I could not work with a team and in my school, I was often berated for not being a good team member.
     
  5. Judge

    Judge Well-Known Member

    Messages:
    24,976
    Joined:
    Aug 28, 2013
    Karma:
    +32,469
    In phys ed I was always much better at "brute force" competitions than most other sports, although I was quite good at Badminton for some reason. Tennis? Not so much. Yet my hand-eye coordination is pretty good in tasks unrelated to most other forms of athletics. Go figure.

    Not everyone on the spectrum is profoundly uncoordinated. Though I suspect far less of us socially excelled in teamsmanship, as opposed to raw athleticism in conjunction with solo athletic pursuits. This was a big consideration for me in electing not to serve in our military.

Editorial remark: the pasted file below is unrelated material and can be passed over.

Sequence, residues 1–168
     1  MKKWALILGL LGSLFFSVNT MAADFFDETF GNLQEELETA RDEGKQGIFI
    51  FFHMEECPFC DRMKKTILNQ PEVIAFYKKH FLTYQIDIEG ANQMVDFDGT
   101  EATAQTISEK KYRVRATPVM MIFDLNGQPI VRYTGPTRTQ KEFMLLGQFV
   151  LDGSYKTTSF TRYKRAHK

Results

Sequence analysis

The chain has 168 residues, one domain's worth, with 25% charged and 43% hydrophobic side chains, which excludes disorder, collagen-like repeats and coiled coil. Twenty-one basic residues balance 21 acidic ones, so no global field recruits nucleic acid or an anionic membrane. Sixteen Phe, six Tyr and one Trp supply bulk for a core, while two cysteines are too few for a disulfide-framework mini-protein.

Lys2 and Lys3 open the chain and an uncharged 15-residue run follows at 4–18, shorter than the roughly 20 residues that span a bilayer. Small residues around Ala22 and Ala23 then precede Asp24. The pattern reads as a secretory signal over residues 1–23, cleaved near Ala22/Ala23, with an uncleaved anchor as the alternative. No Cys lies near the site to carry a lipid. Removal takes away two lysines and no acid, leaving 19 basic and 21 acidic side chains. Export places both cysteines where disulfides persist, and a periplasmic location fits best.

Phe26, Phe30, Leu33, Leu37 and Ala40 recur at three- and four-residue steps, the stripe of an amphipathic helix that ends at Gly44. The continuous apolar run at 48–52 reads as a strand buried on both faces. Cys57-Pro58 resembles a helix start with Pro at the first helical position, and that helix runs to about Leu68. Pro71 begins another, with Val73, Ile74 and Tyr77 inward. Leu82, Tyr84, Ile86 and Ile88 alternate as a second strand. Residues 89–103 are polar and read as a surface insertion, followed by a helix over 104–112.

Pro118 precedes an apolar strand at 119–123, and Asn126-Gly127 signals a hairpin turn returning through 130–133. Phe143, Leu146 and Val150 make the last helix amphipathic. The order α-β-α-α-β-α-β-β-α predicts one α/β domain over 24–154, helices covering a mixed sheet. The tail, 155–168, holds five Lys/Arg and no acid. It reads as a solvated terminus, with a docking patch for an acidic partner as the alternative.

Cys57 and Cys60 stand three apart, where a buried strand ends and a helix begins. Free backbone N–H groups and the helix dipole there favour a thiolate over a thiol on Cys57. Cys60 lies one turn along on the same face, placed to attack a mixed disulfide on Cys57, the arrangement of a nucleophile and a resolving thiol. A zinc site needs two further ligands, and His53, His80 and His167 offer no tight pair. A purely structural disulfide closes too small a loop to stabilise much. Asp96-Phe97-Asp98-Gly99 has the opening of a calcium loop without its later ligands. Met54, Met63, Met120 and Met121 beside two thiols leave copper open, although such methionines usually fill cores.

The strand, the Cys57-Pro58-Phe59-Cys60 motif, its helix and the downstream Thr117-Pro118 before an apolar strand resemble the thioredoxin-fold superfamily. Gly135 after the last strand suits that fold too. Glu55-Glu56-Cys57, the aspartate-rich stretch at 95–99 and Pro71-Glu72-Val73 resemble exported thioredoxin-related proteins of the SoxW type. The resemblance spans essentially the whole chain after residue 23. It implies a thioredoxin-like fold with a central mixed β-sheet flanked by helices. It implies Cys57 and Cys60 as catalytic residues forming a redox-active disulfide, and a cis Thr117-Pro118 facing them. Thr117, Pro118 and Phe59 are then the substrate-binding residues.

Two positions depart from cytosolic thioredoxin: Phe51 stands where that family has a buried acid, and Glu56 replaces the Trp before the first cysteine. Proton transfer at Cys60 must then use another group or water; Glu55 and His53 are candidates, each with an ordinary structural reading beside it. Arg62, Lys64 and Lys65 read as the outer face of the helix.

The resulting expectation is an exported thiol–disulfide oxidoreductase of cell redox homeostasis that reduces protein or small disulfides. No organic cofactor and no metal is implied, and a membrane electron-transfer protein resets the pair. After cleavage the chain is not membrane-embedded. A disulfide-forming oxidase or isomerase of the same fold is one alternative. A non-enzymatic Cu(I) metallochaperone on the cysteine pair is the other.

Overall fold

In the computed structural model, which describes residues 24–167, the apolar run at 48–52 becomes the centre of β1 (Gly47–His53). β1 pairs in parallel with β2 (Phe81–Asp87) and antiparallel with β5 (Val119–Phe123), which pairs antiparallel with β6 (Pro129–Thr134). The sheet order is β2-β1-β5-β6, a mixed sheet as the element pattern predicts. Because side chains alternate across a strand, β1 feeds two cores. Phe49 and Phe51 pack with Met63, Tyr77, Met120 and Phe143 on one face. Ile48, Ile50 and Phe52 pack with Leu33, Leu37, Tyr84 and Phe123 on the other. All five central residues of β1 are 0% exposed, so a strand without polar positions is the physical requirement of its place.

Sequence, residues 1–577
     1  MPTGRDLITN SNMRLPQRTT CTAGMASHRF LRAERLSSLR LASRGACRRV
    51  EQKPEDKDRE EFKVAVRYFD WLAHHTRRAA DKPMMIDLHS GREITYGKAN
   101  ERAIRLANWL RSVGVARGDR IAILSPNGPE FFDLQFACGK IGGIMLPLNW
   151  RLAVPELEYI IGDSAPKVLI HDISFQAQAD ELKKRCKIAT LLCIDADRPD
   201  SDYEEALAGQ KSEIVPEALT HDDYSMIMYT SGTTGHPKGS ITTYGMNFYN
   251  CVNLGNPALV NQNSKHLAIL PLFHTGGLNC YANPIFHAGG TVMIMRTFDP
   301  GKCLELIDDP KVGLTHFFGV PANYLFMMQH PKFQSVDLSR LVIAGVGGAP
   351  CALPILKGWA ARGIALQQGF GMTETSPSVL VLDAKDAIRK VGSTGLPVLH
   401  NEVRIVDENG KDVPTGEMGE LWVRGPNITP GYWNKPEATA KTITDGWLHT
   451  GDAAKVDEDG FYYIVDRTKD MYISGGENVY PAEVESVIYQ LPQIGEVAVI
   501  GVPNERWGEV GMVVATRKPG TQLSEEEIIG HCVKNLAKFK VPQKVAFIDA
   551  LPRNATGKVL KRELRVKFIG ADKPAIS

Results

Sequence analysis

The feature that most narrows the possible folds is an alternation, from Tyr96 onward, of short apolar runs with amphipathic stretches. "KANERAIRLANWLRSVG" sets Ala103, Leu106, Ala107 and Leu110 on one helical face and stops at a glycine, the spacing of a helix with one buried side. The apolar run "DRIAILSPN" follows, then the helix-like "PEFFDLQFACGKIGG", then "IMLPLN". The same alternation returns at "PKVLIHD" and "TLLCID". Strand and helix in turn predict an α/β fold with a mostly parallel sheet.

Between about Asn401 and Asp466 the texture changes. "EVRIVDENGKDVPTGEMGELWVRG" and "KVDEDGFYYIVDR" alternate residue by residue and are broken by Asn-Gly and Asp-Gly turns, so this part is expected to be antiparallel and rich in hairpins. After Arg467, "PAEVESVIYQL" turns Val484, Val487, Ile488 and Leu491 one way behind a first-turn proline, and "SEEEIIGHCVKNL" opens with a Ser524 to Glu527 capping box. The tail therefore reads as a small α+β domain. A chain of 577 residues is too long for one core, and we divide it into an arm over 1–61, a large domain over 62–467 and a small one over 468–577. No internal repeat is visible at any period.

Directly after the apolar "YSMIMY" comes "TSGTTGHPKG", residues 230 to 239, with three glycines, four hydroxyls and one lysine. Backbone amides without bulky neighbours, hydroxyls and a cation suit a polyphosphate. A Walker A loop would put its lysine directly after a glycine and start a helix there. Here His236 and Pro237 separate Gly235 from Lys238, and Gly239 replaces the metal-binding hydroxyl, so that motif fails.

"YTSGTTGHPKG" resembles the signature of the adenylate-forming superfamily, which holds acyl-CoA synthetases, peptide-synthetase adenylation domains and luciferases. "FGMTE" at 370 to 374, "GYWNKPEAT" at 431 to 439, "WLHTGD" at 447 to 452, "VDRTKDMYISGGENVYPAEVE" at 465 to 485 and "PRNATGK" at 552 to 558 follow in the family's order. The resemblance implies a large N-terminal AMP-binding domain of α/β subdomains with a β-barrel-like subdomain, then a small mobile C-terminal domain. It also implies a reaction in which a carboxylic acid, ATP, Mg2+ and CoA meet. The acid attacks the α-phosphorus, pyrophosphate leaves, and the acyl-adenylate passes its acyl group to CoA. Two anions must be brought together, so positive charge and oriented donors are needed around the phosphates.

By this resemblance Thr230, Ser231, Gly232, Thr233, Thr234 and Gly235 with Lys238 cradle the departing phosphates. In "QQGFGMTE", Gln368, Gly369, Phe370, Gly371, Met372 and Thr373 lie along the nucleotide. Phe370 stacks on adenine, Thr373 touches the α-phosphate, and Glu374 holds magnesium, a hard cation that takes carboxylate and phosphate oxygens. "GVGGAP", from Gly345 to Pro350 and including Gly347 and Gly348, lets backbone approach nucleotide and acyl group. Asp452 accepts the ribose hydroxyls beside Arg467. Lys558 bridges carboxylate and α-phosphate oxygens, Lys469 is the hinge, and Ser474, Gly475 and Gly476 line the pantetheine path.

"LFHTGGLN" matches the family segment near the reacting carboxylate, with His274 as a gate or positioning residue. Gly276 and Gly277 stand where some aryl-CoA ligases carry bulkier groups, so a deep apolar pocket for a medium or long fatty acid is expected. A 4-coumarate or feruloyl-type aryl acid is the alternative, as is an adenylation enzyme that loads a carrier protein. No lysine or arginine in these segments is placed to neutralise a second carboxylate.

In essence, I doubt there are any absolutes when it comes to the physical abilities of those of us on the spectrum of autism.
     
    Last edited: Oct 19, 2020
    • Agree Agree x 3
    • Like Like x 1
  6. Crossbreed

    Crossbreed Neur-D Missionary ☝

    Messages:
    4,042
    Joined:
    Nov 1, 2015
    Karma:
    +5,788
    I will never be mistaken for Schwarzeneggar or "The Rock," but I
    • was in cross-country in high school (and stood out in Marine Corps boot camp [for running]),
    • did bicycle touring in my teen & young adult life, and
    • did a 9-mile paper route twice/week; walking 2006-09, triking 2009-Jan 2020. (I had an RHR in the 40s.)
    I am trying to get back into shape, now, with indoor rowing on non-bicycle days.
     
    Last edited: Oct 19, 2020
    • Like Like x 4
  7. Progster

    Progster Gone sideways to the sun V.I.P Member